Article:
Just for the record, I noticed that if we take a common denominator for $a_n$ as coming out of the terms $n+k$ then one would get $\prod_{j=1}^n(n+j)=\frac{(2n)!}{n!}$. Hence, we may rewrite the given sequence as follows:
\begin{align*} \sum_{k=1}^n\binom{n}k\frac{k}{n+k}
&=\frac{n!}{(2n)!}\sum_{k=1}^nk\binom{n}k\frac{\prod_{j=1}^n(n+j)}{n+k} \\
&=\binom{2n}n^{-1}\sum_{k=1}^n\frac{(n+1)\cdots(n+k-1)}{(k-1)!}\cdot\frac{(n+k+1)\cdots(2n)}{(n-k)!} \\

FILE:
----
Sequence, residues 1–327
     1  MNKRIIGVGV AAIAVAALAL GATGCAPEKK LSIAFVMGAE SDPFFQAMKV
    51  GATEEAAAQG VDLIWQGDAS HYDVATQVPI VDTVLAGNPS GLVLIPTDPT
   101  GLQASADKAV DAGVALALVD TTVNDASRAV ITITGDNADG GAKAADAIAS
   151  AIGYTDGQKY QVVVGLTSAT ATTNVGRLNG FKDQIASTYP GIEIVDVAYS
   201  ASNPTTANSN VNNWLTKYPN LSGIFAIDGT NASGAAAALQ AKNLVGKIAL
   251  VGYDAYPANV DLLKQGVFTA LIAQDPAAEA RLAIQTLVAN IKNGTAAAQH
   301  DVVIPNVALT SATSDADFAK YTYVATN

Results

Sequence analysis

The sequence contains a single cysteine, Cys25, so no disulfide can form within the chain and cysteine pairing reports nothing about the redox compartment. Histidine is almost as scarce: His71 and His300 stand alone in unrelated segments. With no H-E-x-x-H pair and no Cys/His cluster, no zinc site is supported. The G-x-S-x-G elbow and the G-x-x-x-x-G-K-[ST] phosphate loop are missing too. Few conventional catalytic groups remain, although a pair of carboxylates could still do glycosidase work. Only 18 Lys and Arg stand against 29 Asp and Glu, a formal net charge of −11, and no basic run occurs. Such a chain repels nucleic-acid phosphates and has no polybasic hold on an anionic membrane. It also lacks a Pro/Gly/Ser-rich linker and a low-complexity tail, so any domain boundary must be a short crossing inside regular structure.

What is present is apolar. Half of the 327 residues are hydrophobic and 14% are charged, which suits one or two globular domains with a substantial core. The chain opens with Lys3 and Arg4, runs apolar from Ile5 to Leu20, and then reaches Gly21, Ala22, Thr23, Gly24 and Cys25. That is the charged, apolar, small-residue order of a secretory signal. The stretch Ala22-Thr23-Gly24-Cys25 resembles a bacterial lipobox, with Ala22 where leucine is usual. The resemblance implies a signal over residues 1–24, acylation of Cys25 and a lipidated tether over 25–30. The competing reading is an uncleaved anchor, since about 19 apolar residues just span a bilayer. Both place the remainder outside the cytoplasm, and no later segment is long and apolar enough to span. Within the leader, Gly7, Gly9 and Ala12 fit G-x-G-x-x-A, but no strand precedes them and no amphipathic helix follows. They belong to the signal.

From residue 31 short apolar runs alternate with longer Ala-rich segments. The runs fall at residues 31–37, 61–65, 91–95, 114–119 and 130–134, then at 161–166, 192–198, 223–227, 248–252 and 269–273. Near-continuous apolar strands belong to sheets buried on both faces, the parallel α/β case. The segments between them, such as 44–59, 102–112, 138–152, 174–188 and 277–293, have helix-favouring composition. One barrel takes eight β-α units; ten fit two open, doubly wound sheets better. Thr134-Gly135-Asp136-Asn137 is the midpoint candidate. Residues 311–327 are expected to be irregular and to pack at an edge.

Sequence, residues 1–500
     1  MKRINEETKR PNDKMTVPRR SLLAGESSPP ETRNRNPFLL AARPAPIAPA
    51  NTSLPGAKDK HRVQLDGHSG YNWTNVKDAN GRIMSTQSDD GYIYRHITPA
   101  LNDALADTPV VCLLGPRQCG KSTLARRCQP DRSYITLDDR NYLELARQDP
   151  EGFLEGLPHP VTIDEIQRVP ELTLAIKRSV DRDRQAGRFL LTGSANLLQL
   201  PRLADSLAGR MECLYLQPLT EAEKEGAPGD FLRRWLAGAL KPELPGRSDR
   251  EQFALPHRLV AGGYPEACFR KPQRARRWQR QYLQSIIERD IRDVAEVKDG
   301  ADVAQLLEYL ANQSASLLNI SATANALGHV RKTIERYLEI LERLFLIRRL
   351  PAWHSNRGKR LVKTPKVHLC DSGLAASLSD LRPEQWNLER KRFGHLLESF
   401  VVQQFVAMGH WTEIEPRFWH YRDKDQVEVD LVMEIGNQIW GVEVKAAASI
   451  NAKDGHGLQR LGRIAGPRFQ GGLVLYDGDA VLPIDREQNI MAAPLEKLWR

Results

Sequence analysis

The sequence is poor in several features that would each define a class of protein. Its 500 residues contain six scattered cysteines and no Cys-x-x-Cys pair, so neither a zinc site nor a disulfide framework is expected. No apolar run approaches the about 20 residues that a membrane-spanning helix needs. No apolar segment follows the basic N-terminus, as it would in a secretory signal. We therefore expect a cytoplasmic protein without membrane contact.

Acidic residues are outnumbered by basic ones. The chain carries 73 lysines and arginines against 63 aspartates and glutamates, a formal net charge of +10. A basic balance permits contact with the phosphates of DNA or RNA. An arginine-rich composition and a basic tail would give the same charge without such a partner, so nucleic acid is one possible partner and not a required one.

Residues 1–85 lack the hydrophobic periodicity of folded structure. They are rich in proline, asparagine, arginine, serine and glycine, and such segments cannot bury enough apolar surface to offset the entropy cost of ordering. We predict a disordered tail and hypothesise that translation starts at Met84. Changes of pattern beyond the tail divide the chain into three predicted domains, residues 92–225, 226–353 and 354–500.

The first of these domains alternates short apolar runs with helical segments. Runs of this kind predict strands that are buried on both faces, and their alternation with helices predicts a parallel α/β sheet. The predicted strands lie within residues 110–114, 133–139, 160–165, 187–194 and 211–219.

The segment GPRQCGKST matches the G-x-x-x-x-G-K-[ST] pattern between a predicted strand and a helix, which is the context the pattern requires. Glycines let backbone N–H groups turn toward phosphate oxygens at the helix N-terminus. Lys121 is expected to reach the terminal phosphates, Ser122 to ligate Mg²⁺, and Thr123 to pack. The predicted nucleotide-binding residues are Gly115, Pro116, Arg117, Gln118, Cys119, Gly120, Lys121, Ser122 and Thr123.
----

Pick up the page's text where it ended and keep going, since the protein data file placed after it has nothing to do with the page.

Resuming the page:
&=\binom{2n}n^{-1}\sum_{k=1}^n\binom{n+k-1}{k-1}\binom{2n}{n+k}
\end{align*}
and the numerators (evidently integers) actually agree with what Max Alekseyev's referral to OEIS A240721. As an aside, we gather the identity that
$$\sum_{k=1}^n\binom{n+k-1}{k-1}\binom{2n}{n+k}=
\sum_{k=0}^{n-1}\binom{2n}k2^k(-1)^{n-1-k}.$$